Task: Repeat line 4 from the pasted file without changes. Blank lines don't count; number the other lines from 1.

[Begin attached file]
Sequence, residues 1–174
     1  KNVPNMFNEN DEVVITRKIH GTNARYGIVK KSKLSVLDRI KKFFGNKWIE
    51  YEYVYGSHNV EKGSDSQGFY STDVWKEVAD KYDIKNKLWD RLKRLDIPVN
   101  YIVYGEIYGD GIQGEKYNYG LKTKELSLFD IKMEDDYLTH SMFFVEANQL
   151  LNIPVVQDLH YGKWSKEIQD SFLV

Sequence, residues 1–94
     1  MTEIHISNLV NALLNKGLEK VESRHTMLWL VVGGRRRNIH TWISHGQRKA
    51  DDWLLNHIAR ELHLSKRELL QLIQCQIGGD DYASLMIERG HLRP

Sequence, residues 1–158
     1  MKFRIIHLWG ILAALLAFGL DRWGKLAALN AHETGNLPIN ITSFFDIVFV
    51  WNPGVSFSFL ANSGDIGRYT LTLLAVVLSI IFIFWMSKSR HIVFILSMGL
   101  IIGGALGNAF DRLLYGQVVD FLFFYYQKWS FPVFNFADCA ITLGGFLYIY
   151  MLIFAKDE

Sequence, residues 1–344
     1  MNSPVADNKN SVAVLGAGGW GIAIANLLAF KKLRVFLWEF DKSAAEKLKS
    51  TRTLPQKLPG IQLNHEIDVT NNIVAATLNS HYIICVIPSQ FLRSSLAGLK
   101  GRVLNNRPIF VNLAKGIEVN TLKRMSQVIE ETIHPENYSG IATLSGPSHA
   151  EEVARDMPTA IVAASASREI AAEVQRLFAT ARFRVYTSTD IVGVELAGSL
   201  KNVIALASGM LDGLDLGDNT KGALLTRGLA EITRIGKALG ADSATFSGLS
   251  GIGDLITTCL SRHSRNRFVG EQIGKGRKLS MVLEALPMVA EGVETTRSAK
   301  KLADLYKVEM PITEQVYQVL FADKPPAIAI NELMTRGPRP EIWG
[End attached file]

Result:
   101  YIVYGEIYGD GIQGEKYNYG LKTKELSLFD IKMEDDYLTH SMFFVEANQL